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MEXICO CITY, Nov 28 (Reuters) - Mexico's president on Tuesday named former finance official and central bank board member Alejandro Diaz de Leon to take over as the head of the central bank, to replace outgoing chief Agustin Carstens.
President Enrique Pena Nieto's office said in a statement that Diaz de Leon had been designated to see out the remainder of Carstens' second term, from Dec. 1, 2017 to Dec. 31, 2021.
Diaz de Leon is currently a member of the five-strong board of the bank and was one of the favorites to replace Carstens, who is stepping down on Nov. 30 to take charge of the Bank for International Settlements (BIS) in Switzerland.
Carstens, one of the world's most respected central bankers from an emerging market economy, originally planned to leave early this year but agreed to stay on through November after the peso sank to a record low on concerns U.S. President Donald Trump could end a free trade deal with Mexico.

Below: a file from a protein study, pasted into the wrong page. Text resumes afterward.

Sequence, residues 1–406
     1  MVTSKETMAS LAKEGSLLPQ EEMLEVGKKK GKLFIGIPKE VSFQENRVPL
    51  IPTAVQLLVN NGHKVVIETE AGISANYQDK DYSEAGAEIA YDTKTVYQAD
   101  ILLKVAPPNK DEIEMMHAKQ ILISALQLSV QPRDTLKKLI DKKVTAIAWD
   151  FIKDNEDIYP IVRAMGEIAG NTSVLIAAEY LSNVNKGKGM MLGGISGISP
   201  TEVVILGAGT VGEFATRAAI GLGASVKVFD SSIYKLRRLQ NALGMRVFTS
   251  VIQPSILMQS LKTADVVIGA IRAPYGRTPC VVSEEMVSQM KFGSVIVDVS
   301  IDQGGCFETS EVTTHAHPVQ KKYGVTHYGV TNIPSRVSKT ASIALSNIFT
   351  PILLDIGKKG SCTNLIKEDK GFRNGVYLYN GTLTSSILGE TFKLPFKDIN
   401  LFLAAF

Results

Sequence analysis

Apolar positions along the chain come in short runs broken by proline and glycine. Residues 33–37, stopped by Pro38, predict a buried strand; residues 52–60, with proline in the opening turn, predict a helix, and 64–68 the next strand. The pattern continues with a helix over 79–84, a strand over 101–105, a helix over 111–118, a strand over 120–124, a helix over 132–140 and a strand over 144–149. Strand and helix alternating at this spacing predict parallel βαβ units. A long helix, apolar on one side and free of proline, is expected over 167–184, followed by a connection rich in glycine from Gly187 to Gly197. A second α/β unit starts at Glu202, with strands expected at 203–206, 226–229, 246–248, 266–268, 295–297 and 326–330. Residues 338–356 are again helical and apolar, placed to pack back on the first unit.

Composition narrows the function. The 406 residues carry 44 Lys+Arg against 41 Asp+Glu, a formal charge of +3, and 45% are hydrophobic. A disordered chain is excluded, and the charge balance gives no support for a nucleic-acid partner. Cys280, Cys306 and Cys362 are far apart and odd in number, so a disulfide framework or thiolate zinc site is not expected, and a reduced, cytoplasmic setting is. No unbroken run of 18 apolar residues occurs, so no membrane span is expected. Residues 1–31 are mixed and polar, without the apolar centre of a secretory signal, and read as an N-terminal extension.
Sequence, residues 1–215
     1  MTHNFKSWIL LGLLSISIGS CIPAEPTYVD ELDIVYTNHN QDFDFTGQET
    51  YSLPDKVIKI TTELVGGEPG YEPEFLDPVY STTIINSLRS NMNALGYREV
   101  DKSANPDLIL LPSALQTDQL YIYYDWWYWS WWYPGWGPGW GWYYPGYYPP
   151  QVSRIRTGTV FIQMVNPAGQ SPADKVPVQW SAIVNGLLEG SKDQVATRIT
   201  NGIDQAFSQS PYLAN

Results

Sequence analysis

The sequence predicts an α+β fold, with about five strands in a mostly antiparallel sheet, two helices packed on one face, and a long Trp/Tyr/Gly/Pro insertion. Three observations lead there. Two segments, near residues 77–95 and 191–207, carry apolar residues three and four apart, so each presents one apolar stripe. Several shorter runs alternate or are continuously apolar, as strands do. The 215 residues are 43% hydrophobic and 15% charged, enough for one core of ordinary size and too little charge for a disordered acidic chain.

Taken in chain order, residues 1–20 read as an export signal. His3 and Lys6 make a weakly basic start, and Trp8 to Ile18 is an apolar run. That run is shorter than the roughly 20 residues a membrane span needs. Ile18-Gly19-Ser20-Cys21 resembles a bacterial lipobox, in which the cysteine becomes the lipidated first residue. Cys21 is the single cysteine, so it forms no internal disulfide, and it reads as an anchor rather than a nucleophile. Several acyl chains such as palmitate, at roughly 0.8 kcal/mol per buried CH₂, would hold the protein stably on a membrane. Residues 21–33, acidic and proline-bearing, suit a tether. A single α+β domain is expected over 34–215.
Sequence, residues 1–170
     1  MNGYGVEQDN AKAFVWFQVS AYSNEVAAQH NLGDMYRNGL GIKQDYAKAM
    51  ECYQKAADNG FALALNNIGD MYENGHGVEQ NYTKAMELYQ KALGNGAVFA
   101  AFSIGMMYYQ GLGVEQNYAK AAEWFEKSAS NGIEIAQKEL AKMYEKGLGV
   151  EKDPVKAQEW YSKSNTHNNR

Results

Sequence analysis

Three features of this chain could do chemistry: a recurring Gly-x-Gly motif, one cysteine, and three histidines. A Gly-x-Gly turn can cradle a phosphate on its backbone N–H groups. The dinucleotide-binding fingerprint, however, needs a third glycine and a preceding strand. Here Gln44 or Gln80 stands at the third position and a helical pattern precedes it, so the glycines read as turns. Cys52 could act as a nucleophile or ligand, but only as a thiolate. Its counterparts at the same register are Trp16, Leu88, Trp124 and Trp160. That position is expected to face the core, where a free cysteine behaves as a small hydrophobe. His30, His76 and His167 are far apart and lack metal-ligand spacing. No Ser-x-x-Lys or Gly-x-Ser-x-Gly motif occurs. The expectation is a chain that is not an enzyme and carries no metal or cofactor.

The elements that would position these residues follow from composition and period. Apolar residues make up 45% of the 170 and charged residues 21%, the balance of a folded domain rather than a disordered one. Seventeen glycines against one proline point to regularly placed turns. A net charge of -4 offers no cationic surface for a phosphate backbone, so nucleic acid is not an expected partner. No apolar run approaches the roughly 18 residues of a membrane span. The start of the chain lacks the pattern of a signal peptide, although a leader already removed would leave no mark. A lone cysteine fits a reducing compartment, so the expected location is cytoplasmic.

An unexpected jump in inflation in early November cast a shadow over Carstens' final days in office.
Economists and fund managers said that Diaz de Leon was respected both at the central bank and by investors.
"He is a very balanced person who does not hesitate to change his views when circumstances change. We cannot label him as being a hawk or a dove," said Credit Suisse economist Alonso Cervera.
Diaz de Leon, 47, was ratified by the Senate last December to replace inflation hawk Manuel Sanchez on the central bank board and his nomination to now lead the bank will not require another vote by lawmakers.
Following Carstens' exit, Pena Nieto will need to name a new member of the board.
Before joining the board, Diaz de Leon had run the government's export bank Bancomext from 2015 until late last year, and before that served as the head of the finance ministry's public debt office.
He was a key figure in selling Pena Nieto's economic reform agenda in 2013 and 2014 to global investors.
A Reuters poll in February found economists thought Diaz de Leon was the most likely replacement for Carstens.
The poll also found that Miguel Messmacher, a finance ministry deputy, was considered the mostly likely person to be named as the new fifth member of the board. (Reporting by Frank Jack Daniel and Michael O'Boyle; Editing by Tom Brown and Rosalba O'Brien)